I’m giving a speech tomorrow at the Founder Showcase in Santa Clara. The topic is around building revenue for startups. The slides are here:
These build on a prior talk I gave in 2009 on this topic, and I’m looking forward to it.
To give my cliff notes here of the speech, it’s basically:
Revenue is the lifeblood, getting to revenue is nice, very nice.
Some advise not to think about revenue too early on in the life of a startup. The thinking goes: focus entirely on building something great, get an audience, then the revenue pieces will start to work themselves out. I disagree with this philosophy in part.
I totally agree with the idea that 100% of your focus needs to be on building something people want and driving to iterate, iterate, iterate. At the same time, I advocate thinking about revenue–at least a little bit–early in the lifecycle of starting a company. Don’t get derailed, but at the same time, don’t avoid the topic entirely. My rationale is simple—you never know what small thing will someday be the determiner of success or failure, so thinking about something important like revenue is a good thing to at least wrap your head around.
The talk then goes into two parts. Part 1 is about building out a business to think about how you’ll establish moats and drive traction. This is about defensibility in part; its also, however about driving distribution (at least in internet businesses). I argue that any founder should likely try to draw out the model that I’m advocating here—may not be relevant to you, but I’d think you’d at least want to try.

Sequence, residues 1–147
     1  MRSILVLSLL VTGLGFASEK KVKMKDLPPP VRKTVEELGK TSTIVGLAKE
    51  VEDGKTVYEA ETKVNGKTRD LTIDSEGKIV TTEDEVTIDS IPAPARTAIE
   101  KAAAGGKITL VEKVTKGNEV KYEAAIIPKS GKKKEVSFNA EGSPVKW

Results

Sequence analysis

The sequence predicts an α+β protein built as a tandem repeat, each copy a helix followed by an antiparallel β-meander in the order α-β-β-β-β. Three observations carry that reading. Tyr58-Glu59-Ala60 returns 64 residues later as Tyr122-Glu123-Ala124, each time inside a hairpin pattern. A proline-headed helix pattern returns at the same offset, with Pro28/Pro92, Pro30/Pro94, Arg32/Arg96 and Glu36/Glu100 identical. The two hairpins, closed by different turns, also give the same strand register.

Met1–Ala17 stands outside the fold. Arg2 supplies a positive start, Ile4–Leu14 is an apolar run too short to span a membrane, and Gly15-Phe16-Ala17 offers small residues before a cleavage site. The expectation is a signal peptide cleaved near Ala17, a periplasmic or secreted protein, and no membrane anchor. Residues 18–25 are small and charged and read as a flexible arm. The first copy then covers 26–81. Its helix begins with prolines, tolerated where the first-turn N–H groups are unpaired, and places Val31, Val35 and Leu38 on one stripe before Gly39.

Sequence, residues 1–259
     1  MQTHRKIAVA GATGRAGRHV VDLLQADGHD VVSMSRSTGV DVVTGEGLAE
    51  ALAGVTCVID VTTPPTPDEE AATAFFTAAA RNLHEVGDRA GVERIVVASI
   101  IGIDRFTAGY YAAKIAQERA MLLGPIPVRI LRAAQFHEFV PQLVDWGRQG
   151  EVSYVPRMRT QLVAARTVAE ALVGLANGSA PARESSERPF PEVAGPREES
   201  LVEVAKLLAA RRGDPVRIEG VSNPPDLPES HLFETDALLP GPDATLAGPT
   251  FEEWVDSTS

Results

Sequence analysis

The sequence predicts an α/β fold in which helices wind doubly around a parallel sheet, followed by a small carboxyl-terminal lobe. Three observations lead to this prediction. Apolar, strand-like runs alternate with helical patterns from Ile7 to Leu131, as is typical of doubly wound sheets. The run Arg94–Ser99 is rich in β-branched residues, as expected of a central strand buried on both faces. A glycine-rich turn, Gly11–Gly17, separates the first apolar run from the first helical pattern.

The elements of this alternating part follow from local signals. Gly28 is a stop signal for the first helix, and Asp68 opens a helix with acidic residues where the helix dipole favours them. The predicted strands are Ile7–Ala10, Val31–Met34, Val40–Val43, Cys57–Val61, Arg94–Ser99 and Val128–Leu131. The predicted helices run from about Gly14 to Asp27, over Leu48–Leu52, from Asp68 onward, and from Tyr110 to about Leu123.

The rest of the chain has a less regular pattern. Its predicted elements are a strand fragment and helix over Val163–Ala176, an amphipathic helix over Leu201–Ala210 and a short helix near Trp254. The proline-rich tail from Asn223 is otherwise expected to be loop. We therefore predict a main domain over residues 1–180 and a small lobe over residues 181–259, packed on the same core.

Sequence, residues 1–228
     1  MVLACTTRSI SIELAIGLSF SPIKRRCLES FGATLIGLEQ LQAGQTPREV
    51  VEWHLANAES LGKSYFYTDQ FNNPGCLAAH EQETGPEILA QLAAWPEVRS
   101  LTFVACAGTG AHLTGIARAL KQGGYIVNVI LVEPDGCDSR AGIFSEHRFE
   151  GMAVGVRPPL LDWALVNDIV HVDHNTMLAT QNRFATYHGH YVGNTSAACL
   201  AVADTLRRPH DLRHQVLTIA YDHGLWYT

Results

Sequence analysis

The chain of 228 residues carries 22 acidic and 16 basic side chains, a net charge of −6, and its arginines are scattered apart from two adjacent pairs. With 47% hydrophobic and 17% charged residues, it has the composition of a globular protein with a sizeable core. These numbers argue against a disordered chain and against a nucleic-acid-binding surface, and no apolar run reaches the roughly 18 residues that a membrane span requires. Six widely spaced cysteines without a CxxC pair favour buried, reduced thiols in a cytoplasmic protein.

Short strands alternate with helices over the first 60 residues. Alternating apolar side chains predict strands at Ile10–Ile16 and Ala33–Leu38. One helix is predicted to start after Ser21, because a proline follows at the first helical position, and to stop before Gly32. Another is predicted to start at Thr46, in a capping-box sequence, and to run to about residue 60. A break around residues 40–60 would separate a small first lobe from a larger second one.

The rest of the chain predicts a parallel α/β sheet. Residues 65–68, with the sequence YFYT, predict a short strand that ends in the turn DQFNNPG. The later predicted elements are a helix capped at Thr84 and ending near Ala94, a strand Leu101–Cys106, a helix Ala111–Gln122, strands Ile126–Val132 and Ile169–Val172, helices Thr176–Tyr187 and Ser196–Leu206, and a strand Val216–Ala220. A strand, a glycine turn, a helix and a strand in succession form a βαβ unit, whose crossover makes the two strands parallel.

Then Part II is about models. I’ll talk about my thoughts on types of revenue models, a sort of revenue model 101. Nothing too revolutionary here, but hopefully a useful primer if you’ve not thought through a business model before. I then finish off with a brief description of how to think about your market as a whole. An industry or market model, i.e., the macro picture of the environment in which you operate is something that entrepreneurs will very likely need to be able to grasp and exercise their minds about. I’ll provide some quick thoughts on how I view that as working well and not well.
Hope to see you there!